Posted on February 2, 2018 by Tia Lalani

Augustana professor Neil Haave on the importance of developing different learning modes, beginning with the most fundamental skill by reading widely.

By Neil Haave

Photo courtesy of Leah Kelley.

Anyone who attends a post-secondary institution must have a sense that they are able to learn. Otherwise, what is the point of going to class?

Learning is enhanced by what Carol Dweck, a research psychologist, calls a growth mindset. The growth mindset is held by anyone who understands that their abilities, skills, and intellect are able to be developed and grown. This is very different from the idea of a fixed mindset which is held by those who believe that their ability to learn is natural or innate and fixed from birth. Every year I am surprised when I meet students who feel disadvantaged by the reading requirements in my courses because reading is not, as they put it, part of their ‘learning style.’

The theory that undergirds learning styles is that students learn best when teaching matches their learning preference be it, for example, visual, auditory, or kinesthetic. The research on learning, however, does not support the theory. What the research does suggest is that learning occurs best when the teaching mode matches the content. Thus, if problem-solving is the skill to be learned, then practising problem-solving is the best way to learn it. If concepts are being learned, then reading and practising explaining the concepts may be the best way to learn them.

There are many different ways to learn and we each have our preferences about how we learn. But that does not mean that we cannot develop different learning modes. If we have difficulties learning by listening to a lecture that does not mean that our listening skill is fixed and unable to be developed. It means that we need more practice at listening for meaning. If we have difficulties understanding meaning through reading written text, that does not mean that we are unable to develop into skilled readers—it only means that we need more practice reading and need to learn strategies for reading different types of texts.

It is well-known that widely-read people have a head start on others when learning something because they have at the ready a myriad of read experiences, facts, and concepts that they are able to integrate with the new material. In “Make it Stick,” Brown, Roediger III & McDaniel argue that deep learning occurs when we are able to integrate what we are learning with our existing mental models of our world. In other words, for learning to stick, we need to fit it into what we already know.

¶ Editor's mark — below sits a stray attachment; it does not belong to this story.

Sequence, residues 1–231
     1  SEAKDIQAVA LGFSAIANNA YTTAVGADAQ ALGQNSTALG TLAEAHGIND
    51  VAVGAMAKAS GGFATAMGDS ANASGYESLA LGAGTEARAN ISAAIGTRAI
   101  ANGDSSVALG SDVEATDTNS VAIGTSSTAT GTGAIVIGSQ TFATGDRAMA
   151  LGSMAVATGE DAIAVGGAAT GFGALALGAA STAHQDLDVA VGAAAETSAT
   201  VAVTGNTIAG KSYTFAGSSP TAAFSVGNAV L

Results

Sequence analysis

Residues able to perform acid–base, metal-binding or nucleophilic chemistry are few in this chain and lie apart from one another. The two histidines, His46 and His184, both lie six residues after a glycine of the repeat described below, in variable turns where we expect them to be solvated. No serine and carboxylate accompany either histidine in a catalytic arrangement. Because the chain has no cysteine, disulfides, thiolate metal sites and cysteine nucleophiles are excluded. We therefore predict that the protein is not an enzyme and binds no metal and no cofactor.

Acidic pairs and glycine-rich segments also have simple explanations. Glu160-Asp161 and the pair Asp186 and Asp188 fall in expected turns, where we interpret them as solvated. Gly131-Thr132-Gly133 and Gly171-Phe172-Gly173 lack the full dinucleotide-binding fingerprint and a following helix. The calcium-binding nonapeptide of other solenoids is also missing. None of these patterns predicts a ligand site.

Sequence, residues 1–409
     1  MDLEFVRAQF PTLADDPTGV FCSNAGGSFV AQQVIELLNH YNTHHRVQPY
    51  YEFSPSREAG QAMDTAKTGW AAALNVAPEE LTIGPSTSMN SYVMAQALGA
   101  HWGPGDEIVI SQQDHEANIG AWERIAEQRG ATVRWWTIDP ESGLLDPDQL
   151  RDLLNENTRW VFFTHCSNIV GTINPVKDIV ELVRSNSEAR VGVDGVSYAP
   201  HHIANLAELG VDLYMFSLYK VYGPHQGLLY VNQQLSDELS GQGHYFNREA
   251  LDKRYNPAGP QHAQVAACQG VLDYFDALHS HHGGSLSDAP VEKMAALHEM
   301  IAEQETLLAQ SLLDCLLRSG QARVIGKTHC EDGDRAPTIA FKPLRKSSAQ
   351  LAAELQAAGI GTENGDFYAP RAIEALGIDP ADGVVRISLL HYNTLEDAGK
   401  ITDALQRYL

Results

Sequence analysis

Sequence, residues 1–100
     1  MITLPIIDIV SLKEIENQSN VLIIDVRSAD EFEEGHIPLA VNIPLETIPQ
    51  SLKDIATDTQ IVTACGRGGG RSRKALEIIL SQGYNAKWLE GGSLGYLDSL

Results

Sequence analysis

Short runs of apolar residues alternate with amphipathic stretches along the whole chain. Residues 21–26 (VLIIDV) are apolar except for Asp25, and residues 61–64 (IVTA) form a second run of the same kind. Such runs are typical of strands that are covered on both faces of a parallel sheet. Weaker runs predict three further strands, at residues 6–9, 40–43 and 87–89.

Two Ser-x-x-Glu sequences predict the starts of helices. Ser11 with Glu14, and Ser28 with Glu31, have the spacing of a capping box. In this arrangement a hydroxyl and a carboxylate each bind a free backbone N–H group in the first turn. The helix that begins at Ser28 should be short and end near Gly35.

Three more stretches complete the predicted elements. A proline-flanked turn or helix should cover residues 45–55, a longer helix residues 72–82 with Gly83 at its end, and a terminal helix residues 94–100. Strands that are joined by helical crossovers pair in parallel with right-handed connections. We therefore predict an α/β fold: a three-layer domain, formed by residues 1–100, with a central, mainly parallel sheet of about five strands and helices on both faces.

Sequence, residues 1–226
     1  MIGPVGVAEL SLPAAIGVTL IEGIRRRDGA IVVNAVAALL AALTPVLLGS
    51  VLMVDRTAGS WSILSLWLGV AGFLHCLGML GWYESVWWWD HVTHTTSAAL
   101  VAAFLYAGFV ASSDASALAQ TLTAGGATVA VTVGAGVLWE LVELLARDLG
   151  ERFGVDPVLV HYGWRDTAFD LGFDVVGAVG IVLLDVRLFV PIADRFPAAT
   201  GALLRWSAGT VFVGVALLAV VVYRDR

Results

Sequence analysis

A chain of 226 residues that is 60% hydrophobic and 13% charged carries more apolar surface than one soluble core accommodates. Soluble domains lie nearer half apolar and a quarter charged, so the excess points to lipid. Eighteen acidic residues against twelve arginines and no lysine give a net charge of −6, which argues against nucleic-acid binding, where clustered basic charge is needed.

Hence, students who have read widely and extensively are better prepared for learning because they apply different strategies for different kinds of texts. How we read a novel is different from how we read a textbook or scholarly article. Inexperienced readers may have difficulties reading for information or meaning rather than for pleasure. But reading does not simply deliver information, reading also rewires our brain. As Maryanne Wolf writes in “Proust and the Squid”, reading deeply by considering the ambiguities in a text produces changes in the synapses of the neural network in our brain. In doing so, our brain is able to better integrate what we are learning with what we have previously read.

The well-read student has a richer memory upon which to draw when trying to integrate new learning, new understandings. Without having exerted prior effort in reading a variety of texts, newspapers, magazines, or books, students are at a disadvantage when they arrive at university. University professor Patrick Sullivan penned an open letter to high school students about reading back in 2016 in which he stated that the best advice he can give to those who aspire to earn a university degree is to read often and widely—reading is the best preparation one can do to achieve academic success.

So please, encourage your children and your students to read, even if they find it difficult. Reading is similar to any skill or ability—it can be developed with work, effort, focus, and practice. And as Carol Dweck points out, even geniuses have to work hard.

 

Neil Haave, Biology, Augustana Campus, University of Alberta. This column originally appeared in the Camrose Booster on January 30, 2018. 


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